A Baogang Rare Earth factory. (Internet photo)
Behind the surges in the stock price of the Inner Mongolia-based Baogang Rare Earth are government policies that the company's research institute has helped draft, as the company's stock climbed from a low of 5.66 yuan (US$0.89) to nearly 100 yuan (US$15.79) in the past three years, the Guangzhou-based Southern Weekly reports.
"As long as you understand the direction of rare earth policy, it's very easy to make money," the former owner of a metal trading company told the newspaper.
The first surge in the company's stock price, the newspaper said, occurred when the Chinese government began regulating the rare earth industry at the end of 2008. These measures allowed China greater pricing power in rare-earth minerals. The country's rare earth output accounts for 95% of the world's supply.
With rare earth prices rising as a result of the new regulations, the stock price of Baogang Rare Earth on the Shanghai Stock Exchange also grew, peaking at 96.3 yuan (US$15.21) per share on Oct. 28, 2010. Any announcement about a new policy would give a boost to the stock.
Subsequently, the stock fell to 56.71 yuan (US%8.97) before the next rally began, when the Inner Mongolia regional government introduced measures to integrate the region's rare earth firms with Baogang Rare Earth in late January 2011.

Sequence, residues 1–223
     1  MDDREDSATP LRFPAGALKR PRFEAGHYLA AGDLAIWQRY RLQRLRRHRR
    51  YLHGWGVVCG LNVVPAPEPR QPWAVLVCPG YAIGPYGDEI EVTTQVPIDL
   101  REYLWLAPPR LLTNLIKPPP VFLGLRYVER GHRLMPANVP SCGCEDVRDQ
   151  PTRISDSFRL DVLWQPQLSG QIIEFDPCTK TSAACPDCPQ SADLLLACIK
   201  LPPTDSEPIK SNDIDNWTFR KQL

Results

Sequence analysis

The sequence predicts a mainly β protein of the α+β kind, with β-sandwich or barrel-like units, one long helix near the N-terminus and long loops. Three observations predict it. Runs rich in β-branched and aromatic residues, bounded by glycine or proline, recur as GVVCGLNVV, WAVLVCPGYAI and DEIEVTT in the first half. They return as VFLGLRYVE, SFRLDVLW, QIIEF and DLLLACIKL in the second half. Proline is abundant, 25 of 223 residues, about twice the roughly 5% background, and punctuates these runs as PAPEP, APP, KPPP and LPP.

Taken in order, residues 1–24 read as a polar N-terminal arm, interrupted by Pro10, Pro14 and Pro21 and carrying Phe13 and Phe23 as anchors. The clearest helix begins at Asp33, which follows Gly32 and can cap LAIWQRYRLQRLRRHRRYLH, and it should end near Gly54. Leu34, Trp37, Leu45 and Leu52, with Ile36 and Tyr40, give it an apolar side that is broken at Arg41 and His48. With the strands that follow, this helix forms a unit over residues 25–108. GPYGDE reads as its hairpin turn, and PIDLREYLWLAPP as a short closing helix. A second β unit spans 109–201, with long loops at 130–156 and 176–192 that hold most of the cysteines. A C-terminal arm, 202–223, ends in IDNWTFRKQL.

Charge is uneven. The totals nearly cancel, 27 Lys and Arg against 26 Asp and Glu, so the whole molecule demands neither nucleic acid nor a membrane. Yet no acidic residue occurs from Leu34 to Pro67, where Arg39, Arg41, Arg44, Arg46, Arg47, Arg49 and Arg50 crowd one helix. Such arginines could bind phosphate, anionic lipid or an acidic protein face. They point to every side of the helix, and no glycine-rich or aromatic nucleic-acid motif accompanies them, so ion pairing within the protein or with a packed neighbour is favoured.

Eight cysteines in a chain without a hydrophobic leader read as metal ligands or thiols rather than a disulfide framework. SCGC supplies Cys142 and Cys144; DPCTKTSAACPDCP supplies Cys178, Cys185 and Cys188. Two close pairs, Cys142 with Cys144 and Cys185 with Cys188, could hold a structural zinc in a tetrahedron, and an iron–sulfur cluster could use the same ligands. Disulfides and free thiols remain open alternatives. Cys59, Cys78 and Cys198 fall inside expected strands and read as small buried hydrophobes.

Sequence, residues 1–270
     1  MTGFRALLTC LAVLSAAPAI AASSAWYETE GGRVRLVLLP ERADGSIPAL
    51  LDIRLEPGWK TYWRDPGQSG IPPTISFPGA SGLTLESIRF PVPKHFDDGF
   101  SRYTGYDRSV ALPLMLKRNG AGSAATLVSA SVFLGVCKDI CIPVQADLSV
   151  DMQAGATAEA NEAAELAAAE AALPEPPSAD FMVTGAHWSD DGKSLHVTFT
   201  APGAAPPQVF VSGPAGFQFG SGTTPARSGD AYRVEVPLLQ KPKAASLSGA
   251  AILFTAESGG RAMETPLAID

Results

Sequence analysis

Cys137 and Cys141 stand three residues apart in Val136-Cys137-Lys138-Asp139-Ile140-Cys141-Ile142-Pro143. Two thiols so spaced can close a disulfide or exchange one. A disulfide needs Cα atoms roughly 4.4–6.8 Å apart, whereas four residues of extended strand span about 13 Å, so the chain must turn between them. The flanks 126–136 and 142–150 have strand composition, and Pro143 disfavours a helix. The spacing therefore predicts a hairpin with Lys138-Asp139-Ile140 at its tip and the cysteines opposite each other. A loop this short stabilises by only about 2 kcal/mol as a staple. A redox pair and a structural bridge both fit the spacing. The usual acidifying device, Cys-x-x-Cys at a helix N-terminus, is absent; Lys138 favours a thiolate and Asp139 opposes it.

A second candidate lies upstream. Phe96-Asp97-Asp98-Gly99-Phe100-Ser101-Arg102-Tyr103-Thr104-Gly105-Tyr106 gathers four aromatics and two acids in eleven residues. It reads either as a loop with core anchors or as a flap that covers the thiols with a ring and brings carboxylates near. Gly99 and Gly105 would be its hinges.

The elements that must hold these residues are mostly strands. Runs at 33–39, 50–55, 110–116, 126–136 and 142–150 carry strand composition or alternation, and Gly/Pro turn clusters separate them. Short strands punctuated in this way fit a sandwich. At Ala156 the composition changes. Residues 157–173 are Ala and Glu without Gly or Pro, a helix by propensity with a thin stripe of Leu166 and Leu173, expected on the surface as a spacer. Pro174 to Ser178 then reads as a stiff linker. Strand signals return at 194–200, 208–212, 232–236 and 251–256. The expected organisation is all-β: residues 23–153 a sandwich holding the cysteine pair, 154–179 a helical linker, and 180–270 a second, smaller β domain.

Between Jan. 26 and May 10 last year, the company's stock price grew to 99.84 yuan (US$15.76). After the stock turned ex-rights on May 13 that year, its price was adjusted lower to 58.18 yuan (US$9.19), but again managed to climb to 79.87 yuan (US$12.61) on June 9.
Another series of policies, including a government plan for new material industries and another plan to set up a rare earth mineral exchange in the city of Baotou, where the company is based, boosted the stock again earlier this year.
Although several rare earth companies and industry groups across the country take part in the policy-making process, Baogang enjoys greater influence, several industry experts told the newspaper.
The newspaper attributed the company's influence to its research institute, which helps draft several industry standards and even China's regulations on the entry barriers to the rare earth industry.
Baogang Rare Earth's operations are also crucial to its parent Baogang Group, the newspaper said, because the group, which holds a 30% stake in the rare earth company, operates in a steel sector with a poor recent outlook.
Both institutional and retail investors have bought shares in the company in recent years, making it an actively traded stock.